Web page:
This archived news story is available only for your personal, non-commercial use. Information in the story may be outdated or superseded by additional information. Reading or replaying the story in its archived form does not constitute a republication of the story.
SALT LAKE CITY — Utah was one of 32 states across the country to see a decrease in its greenhouse gas emissions in the span of a decade, according to a new analysis.
During that time, Utah spiked in 2007 to a high of 70.4 million tons, with a low in 2002 of 62.1 million tons of carbon dioxide released from a variety of sources.
The report notes that the profile of energy-related carbon dioxide emissions varies greatly from state to state.
"The overall size of the state, as well as the available fuels, types of businesses, climate and population density, play a role in both total and per capita emissions. Additionally, each state's energy system reflects circumstances specific to that state," the analysis said.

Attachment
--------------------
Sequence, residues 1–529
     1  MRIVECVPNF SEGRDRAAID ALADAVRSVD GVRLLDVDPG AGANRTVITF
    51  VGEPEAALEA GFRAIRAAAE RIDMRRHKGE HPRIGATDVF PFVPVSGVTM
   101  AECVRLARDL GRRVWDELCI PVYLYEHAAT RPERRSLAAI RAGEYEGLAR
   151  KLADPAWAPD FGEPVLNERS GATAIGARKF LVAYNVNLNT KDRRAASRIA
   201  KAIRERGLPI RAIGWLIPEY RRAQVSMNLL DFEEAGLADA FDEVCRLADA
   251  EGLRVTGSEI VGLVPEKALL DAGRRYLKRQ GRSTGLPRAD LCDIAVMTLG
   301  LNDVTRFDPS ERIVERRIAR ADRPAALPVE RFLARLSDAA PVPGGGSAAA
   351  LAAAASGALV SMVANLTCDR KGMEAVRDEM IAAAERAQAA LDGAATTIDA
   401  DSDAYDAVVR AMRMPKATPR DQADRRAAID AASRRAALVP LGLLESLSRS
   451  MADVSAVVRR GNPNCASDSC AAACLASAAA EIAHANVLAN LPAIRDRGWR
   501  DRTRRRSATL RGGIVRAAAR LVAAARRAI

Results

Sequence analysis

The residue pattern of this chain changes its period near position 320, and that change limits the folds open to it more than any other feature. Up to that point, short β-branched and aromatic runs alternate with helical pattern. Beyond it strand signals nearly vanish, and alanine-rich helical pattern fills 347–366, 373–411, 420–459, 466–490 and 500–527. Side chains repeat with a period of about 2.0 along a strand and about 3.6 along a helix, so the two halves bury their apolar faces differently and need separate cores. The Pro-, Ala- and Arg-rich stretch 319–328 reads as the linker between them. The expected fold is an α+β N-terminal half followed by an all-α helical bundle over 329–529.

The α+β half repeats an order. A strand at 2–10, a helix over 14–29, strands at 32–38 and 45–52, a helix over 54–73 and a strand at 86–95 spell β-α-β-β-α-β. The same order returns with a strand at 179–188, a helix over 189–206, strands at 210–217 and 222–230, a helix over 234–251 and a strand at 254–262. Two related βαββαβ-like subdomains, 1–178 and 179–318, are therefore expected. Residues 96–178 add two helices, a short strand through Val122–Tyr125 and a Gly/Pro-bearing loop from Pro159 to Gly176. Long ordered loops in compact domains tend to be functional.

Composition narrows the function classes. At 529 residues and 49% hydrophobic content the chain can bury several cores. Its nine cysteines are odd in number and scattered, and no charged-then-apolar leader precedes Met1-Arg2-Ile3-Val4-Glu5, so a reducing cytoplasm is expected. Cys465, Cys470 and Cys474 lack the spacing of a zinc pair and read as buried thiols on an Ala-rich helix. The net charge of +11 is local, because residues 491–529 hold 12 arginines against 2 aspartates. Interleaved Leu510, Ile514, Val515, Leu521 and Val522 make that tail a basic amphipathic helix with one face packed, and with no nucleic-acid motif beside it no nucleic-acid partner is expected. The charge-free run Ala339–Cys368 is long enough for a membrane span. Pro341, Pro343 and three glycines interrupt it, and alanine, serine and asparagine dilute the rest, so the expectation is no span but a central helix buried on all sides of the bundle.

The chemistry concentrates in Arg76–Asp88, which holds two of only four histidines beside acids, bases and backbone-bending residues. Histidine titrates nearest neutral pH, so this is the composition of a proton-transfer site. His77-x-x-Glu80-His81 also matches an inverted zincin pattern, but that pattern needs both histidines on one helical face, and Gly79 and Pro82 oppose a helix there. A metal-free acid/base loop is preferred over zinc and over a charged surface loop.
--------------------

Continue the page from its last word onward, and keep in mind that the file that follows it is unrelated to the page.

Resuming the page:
While some states may be near or have plentiful hydroelectric supplies of energy, other states — like Utah — boast abundant coal resources.
Coal, for example, was the state's No. 1 fuel source of carbon dioxide emissions, measured at 33.6 million tons. Next was petroleum, followed by natural gas.
In contrast, other areas like the Gulf states of Louisiana and Florida had more drastic measurements of carbon dioxide emissions coming from petroleum, with coal lagging significantly behind.
The No. 1 overall source of greenhouse gas emissions in Utah is electric power plants, with the report noting that 34.8 million tons are being generated in that manner.
"In Utah, as in the rest of the nation, power plants are by far the largest source of CO2 emissions," said Bryce Bird, director of the state Division of Air Quality. "Of course those emissions are tied to energy consumption, so as we look to increase our energy efficiency, that is the best way going forward."
Transportation was the next biggest culprit, contributing 16.2 million tons.
Unlike other emissions across the Wasatch Front and elsewhere in Utah, Bird said the agency does not have the power to regulate greenhouse gases — authority that is retained by the federal government.
The state does compile the data as part of its permitting process.